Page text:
Groundbreaking Design at the Botanic Gardens

One of Denver's architectural gems remains a cutting-edge design, 50 years after it was built.

Courtesy Denver Botanic Gardens. Illustration by Hand: Original drawing of the exterior view of the conservatory.

A building that is as timeless as it is of its time, the Boettcher Memorial Tropical Conservatory at Denver Botanic Gardens has stood as one of Denver’s architectural treasures since its completion in 1966. Remarkably, only seven years after being built, the City designated it an architectural landmark. Determining if a design will endure and become a classic can take 30 to 50 years. Clearly, its design was quickly recognized for the work of art it is.

Designed by legendary Denver architects Victor Hornbein and Ed White, the 11,500-square-foot structure took two years to build and is the only conservatory in the United States made of cast-in-place concrete. Rooted in history, the structure was, nonetheless, aspirational in its innovative concept.

Courtesy Denver Botanic Gardens. Illustration by Hand: Original drawing of the interior view of the conservatory.

While the structure gives a nod to the light and airy soaring vaults of Gothic cathedrals, the Conservatory remains thoroughly modern. It was a radical design that demanded innovative, experimental construction.

Prior to designing the Conservatory, Hornbein was known as the designer of Mayan Theater while at another firm. He, however, viewed Beaux Arts as too ornamental and decorative. His leanings definitely were modern.

A visit to some of Frank Lloyd Wright’s homes in Chicago only strengthened Hornbein’s conviction that the visionary’s organic modernism was the future. He embraced Wright’s principles: using simplicity of design, natural color and finishes, and the inherent aesthetic nature of materials, among others.

Courtesy Denver Botanic Gardens. Futuristic Design: The rooftop of the auditorium building echoes the design of the Boettcher Memorial Tropical Conservatory.

Hornbein established his own firm where he carried out Wright’s philosophy of organic modernism. In 1960, he joined forces with East High School graduate White, a preservationist and a modernist.

White helped establish the Denver Landmark Preservation Commission in 1966, then served on the board for 27 years, saving many Denver buildings from the wrecking ball.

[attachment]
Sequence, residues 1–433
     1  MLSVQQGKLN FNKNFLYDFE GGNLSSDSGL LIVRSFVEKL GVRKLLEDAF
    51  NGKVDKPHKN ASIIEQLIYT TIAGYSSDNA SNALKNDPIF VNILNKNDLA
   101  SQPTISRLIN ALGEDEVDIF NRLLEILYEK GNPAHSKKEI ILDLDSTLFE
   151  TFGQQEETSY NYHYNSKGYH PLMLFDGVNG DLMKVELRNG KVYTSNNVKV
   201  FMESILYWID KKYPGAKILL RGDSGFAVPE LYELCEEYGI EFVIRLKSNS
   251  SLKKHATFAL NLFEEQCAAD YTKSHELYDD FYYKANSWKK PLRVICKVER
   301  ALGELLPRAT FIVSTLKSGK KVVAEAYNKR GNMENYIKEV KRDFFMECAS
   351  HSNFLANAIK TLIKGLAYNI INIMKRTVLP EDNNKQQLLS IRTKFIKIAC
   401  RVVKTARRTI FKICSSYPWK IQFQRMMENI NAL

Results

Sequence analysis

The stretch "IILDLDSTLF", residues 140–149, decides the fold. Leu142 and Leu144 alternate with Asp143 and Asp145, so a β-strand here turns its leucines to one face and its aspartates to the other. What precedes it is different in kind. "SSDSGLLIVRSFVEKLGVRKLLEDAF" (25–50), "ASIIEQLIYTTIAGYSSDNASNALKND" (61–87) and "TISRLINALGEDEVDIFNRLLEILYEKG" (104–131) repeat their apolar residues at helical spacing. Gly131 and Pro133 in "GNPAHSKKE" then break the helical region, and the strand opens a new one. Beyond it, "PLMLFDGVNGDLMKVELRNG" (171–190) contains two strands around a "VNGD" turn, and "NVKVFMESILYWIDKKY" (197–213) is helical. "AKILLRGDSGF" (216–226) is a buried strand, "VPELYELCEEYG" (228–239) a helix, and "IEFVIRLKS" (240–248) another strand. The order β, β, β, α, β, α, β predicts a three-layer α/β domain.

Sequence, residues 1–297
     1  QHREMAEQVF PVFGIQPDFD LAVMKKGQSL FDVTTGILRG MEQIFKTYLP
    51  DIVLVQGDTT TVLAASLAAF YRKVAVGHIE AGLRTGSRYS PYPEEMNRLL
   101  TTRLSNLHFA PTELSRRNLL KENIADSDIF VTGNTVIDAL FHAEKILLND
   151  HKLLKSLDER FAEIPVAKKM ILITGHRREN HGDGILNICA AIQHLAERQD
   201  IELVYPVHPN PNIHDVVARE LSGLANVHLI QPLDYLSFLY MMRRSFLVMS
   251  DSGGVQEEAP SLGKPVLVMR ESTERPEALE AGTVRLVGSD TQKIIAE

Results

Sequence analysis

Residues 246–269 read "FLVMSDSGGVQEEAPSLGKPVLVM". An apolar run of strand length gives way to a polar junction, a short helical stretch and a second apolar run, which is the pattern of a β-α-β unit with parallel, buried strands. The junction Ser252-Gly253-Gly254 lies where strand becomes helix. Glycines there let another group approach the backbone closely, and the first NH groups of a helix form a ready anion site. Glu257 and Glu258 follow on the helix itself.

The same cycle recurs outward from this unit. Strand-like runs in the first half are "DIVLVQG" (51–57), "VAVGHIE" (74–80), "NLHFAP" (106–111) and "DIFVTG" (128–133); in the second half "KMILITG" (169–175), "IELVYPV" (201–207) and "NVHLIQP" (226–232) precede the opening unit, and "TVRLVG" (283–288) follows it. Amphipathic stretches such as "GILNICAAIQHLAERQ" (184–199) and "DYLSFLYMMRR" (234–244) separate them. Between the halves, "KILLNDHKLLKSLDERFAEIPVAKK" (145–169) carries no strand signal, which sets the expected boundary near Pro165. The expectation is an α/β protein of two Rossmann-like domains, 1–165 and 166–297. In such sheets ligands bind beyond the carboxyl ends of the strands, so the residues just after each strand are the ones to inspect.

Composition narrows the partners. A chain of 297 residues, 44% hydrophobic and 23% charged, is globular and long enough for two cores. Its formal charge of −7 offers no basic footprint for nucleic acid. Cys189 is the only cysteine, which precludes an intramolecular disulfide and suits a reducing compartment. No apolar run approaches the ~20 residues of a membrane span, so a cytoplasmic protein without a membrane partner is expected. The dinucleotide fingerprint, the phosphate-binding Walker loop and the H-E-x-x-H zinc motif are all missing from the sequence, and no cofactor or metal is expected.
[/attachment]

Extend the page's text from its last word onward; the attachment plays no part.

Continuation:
White attended Columbia University, where he became close friends with dropout and author Jack Kerouac, poet Allen Ginsberg, and Allan Temko, a classmate who in 1990 won a Pulitzer Prize for architectural criticism. White, of the Beat Generation, embraced modern aesthetics.

The most enduring outcome of the Hornbein and White collaboration was also the most challenging.

Courtesy Denver Botanic Gardens.

The Boettcher Foundation funded the Conservatory and also owned Ideal Cement. Therefore, the use of concrete in the structure seemed to be a very good idea. In the initial design, the building had straight ends and a barrel vault, but architects added the hip vaults at the ends, which created an inverted catenary arch and kept the beams a reasonable size. The architects chose plexiglass pyramids for the structure and formed panels at an angle that would direct condensation to the edges of each panel’s concrete frame, rather than drip on visitors. The panels were slightly different sizes, so each panel was sized to fit its place in the structure.

“It was our responsibility to try to figure out if we could do it in as a cast-in-place concrete structure,” Richard Breaker, the builder on the project, told Denver Botanic Gardens. “My first thing that I did was to build a sample panel out in our backyard. It took me the longest time to come up with this, but we had to provide a means for our workmen to actually get up onto this surface and do the forming and the installation of all the reinforcing steel and the eventual pouring of the concrete.”

White, upon the fiftieth anniversary of the building, said, “It seems it’s a building that never grows old.”